This is the first draft of a post that was featured on storybench.org. Please check out that version if you run into issues here.

R is a powerful statistical programming language for manipulating, graphing, and modeling data. One of the major positive aspects of R is that it’s open-source (free!). But “free” does not mean “easy.” Learning to program in R is time-consuming (and occasionally frustrating), but fortunately, the number of helpful tools and packages is constantly increasing.

### Enter RStudio

RStudio is an integrated development environment (IDE) that streamlines the R programming workflow into an easy to read layout. RStudio also includes useful tools (referred to as *packages*) for data manipulation, cleaning, restructuring, visualizations, report writing, and publishing to the web.

Just like R, it’s free. RStudio recently released R Markdown Notebooks, a nice integration of code, plain text, and results that can be exported into PDF, .docx, or HTML format.

### Getting started

Start out by installing R and RStudio (you’ll need the preview version found here)

**If you need help installing R or RStudio, feel free to use this Google doc installation guide.*

The IDE environment has four panes (seen below),

As you can see from the image above, the upper left pane (where I’m writing this tutorial) is the **editor**. The pane to the right (where it says “*Environment is empty*“), will show the **working dataset**. The lower left pane is called the **console**, which runs the R `code`

. And the pane in the bottom right will display my **results.**

### Opening a New R Notebook

To get started, click on **“File”** > **“New File”** > **“R Notebook”**. R Notebooks automatically start off with a title and some sample code. To see how the analysis is weaved into the Html click on the small “play” button:

Save the file (“**File”** > “**Save”**) and then click on “**Preview”** at the top of the pane.

I don’t want to spoil the suspense, so I won’t put a screenshot of what you’ll see. Just know that R Notebooks does a great job of combining markdown text, R code, and results in a clean, crisp, easy-to-share finished product.

### R syntax – numbers & text

You can use RStudio as a simple calculator. Type `2 + 2`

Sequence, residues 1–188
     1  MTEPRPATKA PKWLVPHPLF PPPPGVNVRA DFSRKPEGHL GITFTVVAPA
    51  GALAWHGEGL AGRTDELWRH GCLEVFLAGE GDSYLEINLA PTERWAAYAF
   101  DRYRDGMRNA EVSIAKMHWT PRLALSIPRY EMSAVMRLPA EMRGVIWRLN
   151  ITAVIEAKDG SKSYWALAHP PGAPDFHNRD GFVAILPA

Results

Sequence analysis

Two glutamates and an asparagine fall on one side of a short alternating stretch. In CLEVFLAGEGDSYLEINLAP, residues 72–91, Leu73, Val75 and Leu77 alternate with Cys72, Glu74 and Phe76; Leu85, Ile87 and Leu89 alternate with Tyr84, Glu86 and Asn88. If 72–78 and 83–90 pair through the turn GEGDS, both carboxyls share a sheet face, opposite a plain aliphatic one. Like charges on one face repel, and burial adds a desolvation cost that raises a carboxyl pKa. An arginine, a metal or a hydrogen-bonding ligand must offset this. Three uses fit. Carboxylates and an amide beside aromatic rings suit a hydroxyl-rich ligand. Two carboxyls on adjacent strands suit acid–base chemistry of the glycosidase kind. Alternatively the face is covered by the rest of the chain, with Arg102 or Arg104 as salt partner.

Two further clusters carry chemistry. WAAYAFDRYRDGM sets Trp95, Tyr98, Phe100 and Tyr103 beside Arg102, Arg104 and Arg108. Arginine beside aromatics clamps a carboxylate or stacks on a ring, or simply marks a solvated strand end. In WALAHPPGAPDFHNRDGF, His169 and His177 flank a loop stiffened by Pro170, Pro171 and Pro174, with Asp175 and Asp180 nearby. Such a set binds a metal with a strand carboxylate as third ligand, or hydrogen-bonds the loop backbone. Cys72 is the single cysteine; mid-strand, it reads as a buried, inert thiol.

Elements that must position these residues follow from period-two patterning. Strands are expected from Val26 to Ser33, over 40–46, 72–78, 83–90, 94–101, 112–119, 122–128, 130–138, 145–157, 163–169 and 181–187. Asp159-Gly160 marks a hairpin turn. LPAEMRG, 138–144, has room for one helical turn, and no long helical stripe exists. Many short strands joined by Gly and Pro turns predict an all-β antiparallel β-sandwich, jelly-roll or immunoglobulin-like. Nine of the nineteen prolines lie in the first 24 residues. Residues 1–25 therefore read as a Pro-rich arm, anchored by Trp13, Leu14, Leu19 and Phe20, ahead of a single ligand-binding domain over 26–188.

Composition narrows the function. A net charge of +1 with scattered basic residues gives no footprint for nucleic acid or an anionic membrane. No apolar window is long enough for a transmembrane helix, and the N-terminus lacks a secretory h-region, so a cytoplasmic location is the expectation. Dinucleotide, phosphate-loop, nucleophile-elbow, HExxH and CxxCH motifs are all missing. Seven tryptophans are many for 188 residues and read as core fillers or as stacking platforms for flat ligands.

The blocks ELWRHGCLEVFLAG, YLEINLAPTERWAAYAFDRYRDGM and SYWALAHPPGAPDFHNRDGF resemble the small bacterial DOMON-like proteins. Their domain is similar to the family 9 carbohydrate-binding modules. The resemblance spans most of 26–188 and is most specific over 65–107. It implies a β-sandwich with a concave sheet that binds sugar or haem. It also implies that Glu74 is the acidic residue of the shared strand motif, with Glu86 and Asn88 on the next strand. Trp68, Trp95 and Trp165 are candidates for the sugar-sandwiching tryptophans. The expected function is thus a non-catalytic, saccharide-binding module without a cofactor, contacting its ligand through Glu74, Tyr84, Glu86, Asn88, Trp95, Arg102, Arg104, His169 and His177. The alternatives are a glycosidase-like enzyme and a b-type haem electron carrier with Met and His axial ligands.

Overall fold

directly into the console and press enter. You should see this:

`2 + 2`

`[1] 4`

You’re probably hoping to use RStudio for something slightly more advanced than simple arithmetic. Fortunately, R can calculate and store multiple values in **variables** to reference later. This is done with the `<-`

assignment operator:

`x <- 2 + 2`

The `<-`

is similar to the `=`

sign. In fact, the `=`

sign does the same thing, but the typical convention in R is the `<-`

. To see the contents of `x`

, enter it into the console and press enter.

`x`

`[1] 4`

You can also perform mathematical operations with variables. Store `4 + 4`

in a variable called `y`

and add it the variable `x`

y <- 4 + 4 y + x

`[1] 12`

R identifies numbers and text, or “string” characters. Text can also be stored into variables using the `<-`

symbol and quotations.

a <- "human" b <- "error"

Text strings are stored differently than numerical data in R. The commands used to manipulate strings are also slightly different.

If you want to combine two strings, use the `paste`

function

`paste(a,b)`

`[1] "human error"`

### Objects & Data Structures in R

R is an **object oriented** programming language, which means it recognizes **objects** according to their structure and type. The most common objects in R are **atomic vectors** and **lists**.

**Atomic Vectors 1.1** – *numerical & integer vectors*

Numeric vectors (also called double) include “real” numbers with decimal places, while integers are whole numbers. To create numerical vectors, use the command `c()`

which stands for concatenating (a fancy term for combining).

Below is an example of a numeric vector of odd numbers less than 10:

`odd_vect <- c(1.3, 3.3, 5.5, 7.7, 9.9)`

This statement is saying, “*combine these five numbers into a vector and call it* `odd_vect`

”

If I wanted to create an integer (or whole number) vector, I need to follow each number with an `L`